But here are some smaller differences.

Amateur sports. Open the locan paper in N├Žstved, Denmark, and the sports pages will be about the local adult amateur teams. Some of these teams are semi-pro, sure, most mostly it's regular working folk playing national level handball (olympic handball to you North Americans), soccer, tennis or badminton or what have you. Open the same size local paper here and there are almost identical articles about kids' sports. Danes are unable to comprehend how big kids' sports are here. If a local kids' team is excelling nationally in Denmark, it leads to some coverage in the paper or local TV news, but you can't compare it to the focus on kids' sports here. You could take any of the local high school track teams in La Crosse and they would probably be able to beat every single junior track team in Denmark (except maybe two or three). But then kids graduate from high school and college and it just drops off. A top Division 3 college sprinter can go from being, essentially, a full time athlete to an old man after outdoor nationals his senior year. This topic could fill 10 blog posts, so I'll leave it there.

Pro sports. Wisconsin has the Packers, Bucks, Brewers and... I dono't know, maybe a female basketball team,? There used to be semi-pro basketball league. In the summer there is minor league baseball in maybe 10 cities. Let's say around 10 pro sports teams. Denmark has, what, 200 pro teams in a number of sports. I don't get it. One could argue that college sports fill that role in Wisconsin, but it's still interesting. I should mention that both Wisconsin and Denmark have populations of about 6 million.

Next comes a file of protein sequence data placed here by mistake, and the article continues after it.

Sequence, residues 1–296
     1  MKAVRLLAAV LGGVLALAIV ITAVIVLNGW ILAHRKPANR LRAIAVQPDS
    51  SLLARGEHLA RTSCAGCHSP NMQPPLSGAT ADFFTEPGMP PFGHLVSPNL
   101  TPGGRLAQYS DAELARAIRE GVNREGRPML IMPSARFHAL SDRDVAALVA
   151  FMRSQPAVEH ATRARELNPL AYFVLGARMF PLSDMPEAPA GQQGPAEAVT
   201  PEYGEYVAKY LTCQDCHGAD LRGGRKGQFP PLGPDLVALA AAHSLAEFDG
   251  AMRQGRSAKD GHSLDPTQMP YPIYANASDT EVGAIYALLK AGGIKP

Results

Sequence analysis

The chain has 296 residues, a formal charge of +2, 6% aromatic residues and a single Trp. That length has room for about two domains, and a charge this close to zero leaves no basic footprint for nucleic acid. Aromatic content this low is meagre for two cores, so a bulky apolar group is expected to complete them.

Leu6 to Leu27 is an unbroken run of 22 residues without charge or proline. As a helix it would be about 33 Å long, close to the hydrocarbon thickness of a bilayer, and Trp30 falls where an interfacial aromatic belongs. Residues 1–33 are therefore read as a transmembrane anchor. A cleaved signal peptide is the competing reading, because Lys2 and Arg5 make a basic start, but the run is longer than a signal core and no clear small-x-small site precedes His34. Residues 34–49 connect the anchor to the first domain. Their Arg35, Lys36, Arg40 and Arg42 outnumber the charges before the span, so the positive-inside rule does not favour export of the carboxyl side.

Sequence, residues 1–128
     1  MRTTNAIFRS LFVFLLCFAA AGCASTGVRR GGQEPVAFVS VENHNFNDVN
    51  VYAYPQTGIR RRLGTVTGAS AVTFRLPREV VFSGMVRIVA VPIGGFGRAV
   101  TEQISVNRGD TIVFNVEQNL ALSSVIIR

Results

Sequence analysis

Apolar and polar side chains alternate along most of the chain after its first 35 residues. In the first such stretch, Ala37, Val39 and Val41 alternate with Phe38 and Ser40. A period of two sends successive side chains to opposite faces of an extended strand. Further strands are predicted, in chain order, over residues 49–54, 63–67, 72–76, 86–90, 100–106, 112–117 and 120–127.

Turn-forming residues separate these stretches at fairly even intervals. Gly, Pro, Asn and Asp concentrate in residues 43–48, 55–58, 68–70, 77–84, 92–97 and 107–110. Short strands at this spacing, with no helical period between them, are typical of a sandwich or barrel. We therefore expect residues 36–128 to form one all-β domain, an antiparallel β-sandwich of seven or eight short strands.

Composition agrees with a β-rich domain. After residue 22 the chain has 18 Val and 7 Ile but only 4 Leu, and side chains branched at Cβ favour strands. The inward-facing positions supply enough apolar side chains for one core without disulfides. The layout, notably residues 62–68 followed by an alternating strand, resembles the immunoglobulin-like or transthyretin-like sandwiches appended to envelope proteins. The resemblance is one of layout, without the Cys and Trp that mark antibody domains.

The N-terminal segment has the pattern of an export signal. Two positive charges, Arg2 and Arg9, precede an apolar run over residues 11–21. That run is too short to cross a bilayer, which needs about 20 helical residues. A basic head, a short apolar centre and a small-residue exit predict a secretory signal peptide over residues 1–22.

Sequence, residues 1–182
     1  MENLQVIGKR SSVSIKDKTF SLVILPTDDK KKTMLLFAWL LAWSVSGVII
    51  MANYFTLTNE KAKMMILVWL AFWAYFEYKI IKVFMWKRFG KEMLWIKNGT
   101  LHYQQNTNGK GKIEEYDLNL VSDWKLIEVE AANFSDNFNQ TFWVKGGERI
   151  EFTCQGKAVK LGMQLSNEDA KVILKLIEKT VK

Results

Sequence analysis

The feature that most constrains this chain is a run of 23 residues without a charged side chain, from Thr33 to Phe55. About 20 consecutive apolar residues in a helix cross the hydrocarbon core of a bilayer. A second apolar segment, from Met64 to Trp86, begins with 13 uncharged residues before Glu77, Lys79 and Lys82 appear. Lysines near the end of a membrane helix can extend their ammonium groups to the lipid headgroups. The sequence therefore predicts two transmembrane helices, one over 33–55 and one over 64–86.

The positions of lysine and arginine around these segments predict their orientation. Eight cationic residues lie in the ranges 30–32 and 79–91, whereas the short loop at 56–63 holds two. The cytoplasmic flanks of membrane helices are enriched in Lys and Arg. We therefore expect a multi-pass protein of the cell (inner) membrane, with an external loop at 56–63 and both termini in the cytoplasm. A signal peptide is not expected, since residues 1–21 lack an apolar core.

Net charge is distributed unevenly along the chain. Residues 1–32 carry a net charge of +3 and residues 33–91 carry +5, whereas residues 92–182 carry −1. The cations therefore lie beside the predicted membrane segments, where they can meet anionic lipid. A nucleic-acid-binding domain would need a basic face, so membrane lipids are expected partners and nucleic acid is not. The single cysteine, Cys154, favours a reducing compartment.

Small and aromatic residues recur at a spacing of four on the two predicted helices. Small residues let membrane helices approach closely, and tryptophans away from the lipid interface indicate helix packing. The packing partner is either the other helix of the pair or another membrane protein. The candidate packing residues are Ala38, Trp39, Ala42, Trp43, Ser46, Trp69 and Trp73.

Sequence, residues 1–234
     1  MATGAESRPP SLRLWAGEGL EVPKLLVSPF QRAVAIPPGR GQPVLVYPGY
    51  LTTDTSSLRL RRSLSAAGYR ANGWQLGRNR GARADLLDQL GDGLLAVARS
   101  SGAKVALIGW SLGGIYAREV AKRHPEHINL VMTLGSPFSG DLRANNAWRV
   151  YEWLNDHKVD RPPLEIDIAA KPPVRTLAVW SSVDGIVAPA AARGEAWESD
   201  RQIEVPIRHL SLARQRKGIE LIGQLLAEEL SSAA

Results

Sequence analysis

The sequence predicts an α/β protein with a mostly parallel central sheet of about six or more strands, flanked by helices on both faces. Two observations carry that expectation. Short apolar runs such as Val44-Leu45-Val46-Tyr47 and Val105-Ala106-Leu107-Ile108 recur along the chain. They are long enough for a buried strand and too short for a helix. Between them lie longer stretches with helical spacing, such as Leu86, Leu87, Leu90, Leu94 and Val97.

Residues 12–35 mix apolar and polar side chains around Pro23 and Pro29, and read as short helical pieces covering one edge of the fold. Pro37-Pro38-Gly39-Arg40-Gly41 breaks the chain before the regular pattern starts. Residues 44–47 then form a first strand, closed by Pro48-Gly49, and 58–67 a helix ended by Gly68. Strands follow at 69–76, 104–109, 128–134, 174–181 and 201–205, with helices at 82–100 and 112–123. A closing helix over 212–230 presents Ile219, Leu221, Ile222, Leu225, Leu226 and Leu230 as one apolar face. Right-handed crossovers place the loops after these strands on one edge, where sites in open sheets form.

Public radio. I love public radio here as do most people I talk to. Wisconsin has Wisconsin Public Radio, whose programs are partly produced by NPR. Denmark has 5 public radio stations and at least two of those are far from popular. What gives?

The price of food. Not a subtle difference, but still. It blows my mind that I drive to work and my dinner is a 99 cent burrito from Taco Bell. 99 cents! And I get full from this burrito.

Hmm, there are more but the Girl is home...

Tuesday, February 7, 2012

February 2012 Running Log

1: 3x2 miles on treadmill. Felt good, forgot times.
2: Spinning with the Girl, then swimming.
3: Ran 1.5 hours with the Girl. Then proceded to run 3x2 miles with PR on the second one at 11:35.
5: 1 hour after work, slowly around town.
6: Three Rivers Trail to the Y. Surprisingly tired. Wanted to run 3x2 miles, but overheated and had to drop the last one. The second 2 miler quite fast at 11:38.
8-22nd: can't remember exactly. A lot of tempos on the treadmill, typically 3x2 miles as either easy or hard pyramids. A few longer (3 hours) with the Girl. Most tempo days, I ran an hour or so on the way to the Y.
24. Ran an hour with the Girl and then did three 2 milers on the treadmill.
27. Gpt off of work and went to the north Y. Ran 4x800m with half laps at 6.2 mph. Total 4 K in 14:50. Low pyramid 2 miles in 11:2x. Steep pyramid 2 miles in 12:12. All three were PRs. I'm in shape. PR on Saturday?
28: Swimminh and core stuff.
29: confusing day. Overslept and had to rush to the Y to pick up El Guapo. However, the Girl was kind enough to let me run on the treadmill. Two steep pyramids (2 miles) in 11:52 and 11:50, both big PRs.

January running log

Summary:

Not enough miles but lots of quality runs.

A week of altitude in Mammoth, where I ate too much and ran too little. Two decent runs Up to Twin Lakes and one amazing run from Olmsted Point towards th Yosemite Valley.

Luts of running on the treadmill. The two main workouts were 2x(4x800). Rest 200m@ 6.2 mph. Last 800 is actually a 1000, where the last 500 is at 0%. I believe the fastest time was 14:55.

The other workout is 3x2 miles with 4 minutes rest. The 2 miles are run at a "pyramid grade", where the grade is increased until 1.5 yards and then rapidly decreased (down to 0% the last half lap). Fastest times around 11:40.